Steve: Yeah, I try to work with the habit principles more than a set plan and that was what I used in the free 6 week program. But I also felt it is a constant chase with people. So I'm not sure if this was just a a bad block or what. But I've done done things before with my boot camps and it worked really well and I've got testimonials from those. But I was hoping that with this 6 week program I could get a good bunch of testimonials to put on the website.
Ru: Well, there's no problem with using your testimonials that you've got all ready for your online program because those testimonials are about you. People can say you are the best coach in the world or that the achieved X results when working with you, that's completely fine. As long as you're not lying and saying these results were achieved with your online program, that's cool.
If you phrase it correctly then I think it's great way of presenting the offline testimonials and using them for your promotions and marketing. Then once you get more testimonials from the online program you can put them in as they will be more specific to the online program. That is how I would start with the testimonials.
Steve: Yeah, I'll give that a go. So is a few people going the same sort of way with regards to the target market of home workouts?
Ru: Yeah, I think there's definitely a demand for the home workout side of things with the 'busy mom' avatar. Although I think they're still pretty underserved niches. I think a lot of niches online in the fitness industry are pretty underserved because personal trainers and coaches are struggling to make that transition online and getting everything set up, looking and performing the way that they want. Therefore there are very few people who are genuinely taking hold of the marketplace.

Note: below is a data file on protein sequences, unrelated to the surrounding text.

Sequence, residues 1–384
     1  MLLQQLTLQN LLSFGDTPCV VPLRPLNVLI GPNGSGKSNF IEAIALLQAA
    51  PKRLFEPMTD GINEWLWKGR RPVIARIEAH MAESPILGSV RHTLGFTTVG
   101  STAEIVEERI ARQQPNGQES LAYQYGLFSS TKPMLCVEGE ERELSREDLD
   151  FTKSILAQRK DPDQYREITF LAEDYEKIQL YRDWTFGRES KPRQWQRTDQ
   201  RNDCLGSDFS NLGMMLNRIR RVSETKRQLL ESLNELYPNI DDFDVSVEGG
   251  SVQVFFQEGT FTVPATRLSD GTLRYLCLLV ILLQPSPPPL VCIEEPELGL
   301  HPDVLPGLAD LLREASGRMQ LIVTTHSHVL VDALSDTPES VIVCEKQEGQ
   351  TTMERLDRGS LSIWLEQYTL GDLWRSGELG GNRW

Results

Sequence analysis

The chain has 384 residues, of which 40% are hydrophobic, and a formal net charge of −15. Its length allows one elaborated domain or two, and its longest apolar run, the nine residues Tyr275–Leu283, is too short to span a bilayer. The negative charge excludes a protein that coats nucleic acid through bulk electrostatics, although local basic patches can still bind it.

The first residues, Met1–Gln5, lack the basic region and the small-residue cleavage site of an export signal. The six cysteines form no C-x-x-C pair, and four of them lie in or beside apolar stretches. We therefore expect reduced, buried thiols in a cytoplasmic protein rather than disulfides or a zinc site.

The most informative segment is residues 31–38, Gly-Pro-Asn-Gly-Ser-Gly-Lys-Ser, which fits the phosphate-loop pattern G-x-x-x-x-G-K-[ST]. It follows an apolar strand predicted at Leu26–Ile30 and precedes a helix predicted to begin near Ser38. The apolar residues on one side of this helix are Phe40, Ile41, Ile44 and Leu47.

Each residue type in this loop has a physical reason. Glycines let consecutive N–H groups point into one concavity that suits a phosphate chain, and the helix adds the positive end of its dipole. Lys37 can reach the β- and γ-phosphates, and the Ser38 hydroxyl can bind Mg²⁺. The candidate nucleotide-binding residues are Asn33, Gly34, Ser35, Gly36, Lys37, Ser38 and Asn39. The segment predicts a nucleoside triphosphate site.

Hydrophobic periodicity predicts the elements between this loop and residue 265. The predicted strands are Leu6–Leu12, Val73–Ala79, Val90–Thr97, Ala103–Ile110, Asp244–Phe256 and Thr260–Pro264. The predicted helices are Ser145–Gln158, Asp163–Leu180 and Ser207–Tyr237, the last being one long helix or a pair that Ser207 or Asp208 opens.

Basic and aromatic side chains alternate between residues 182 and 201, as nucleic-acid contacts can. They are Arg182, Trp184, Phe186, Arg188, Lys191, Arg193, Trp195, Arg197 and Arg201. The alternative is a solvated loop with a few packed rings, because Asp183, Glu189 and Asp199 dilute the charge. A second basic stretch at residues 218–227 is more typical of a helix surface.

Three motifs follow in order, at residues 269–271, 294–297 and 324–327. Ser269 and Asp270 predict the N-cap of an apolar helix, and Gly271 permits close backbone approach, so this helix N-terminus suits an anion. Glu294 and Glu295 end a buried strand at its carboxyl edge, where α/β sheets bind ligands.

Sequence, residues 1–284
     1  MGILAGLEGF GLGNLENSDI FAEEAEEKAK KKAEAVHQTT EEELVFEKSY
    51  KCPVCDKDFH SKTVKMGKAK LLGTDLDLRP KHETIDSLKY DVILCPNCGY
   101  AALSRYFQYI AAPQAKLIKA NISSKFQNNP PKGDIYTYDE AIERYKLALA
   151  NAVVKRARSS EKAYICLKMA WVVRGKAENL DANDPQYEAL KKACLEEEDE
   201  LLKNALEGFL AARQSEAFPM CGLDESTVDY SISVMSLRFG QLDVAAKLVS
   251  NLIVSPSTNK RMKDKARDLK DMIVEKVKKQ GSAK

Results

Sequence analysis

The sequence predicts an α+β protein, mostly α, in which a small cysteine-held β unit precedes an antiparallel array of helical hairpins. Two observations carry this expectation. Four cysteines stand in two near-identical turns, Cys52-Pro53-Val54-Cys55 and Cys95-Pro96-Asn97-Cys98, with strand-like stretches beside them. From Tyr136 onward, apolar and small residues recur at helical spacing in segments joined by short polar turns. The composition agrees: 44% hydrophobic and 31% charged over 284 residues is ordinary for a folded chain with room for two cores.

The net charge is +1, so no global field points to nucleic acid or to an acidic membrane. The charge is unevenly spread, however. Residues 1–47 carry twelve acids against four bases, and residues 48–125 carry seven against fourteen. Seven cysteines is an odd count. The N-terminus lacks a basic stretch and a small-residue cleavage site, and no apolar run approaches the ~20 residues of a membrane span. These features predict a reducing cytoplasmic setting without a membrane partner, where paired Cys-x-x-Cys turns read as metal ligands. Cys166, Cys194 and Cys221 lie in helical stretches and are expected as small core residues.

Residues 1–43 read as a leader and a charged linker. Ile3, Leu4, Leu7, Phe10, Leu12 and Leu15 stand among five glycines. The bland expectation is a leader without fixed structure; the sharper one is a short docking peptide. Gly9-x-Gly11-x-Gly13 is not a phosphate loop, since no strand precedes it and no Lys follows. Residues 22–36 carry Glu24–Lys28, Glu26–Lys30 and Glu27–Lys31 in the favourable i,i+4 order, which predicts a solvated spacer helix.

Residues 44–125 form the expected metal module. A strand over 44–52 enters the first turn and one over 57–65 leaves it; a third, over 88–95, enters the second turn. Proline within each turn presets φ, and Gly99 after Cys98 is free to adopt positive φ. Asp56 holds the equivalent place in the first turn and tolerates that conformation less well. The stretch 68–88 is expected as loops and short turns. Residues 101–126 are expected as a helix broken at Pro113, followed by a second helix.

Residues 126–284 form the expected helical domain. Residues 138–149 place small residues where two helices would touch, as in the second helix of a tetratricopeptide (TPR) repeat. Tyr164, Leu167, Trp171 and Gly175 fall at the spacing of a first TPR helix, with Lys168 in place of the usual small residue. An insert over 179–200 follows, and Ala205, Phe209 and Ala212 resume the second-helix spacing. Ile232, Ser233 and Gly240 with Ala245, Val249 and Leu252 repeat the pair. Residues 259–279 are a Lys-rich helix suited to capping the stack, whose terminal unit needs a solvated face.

I think that's a real opportunity for guys like yourself who are taking action and working towards positioning yourselves early on. Because I feel the online stuff is still fairly new to the fitness industry. So, yeah I think it's a good market place to be in and definitely you've done well niching down and not just being the jack of all trades.
Steve: I big into weight myself and when I originally started I was putting that sort of stuff on Facebook but it was getting no traction. I then looked at the demographics of my Facebook page and it was 85 percent women aged between 20 to 40. So putting information about deadlifts and squats wasn't really great. After that, I decided to post a kettlebell session on the beach and the engagement instantly changed.
Ru: Yeah, it's an important learning curve what you've seen there from your social media already. Definitely Facebook insights is an eye opener, it's amazing. I'd also recommend that you use it for extending your audience. So, not only can you get the typical demographics about your own pages but you can also check some of the other big pages that may be similar to yours. That can be a complete game changer and save you a lot of money and time.
You've seen this in terms of the social media aspect but that same principle of appealing to your ideal client must then come through to everything that you're creating online. You've said yourself that your trial group was mostly friends and family, which is fine. That was exactly the same way I started but the difficult thing now is, how do we actually grow this and get people onto the program who don't quite know who we are?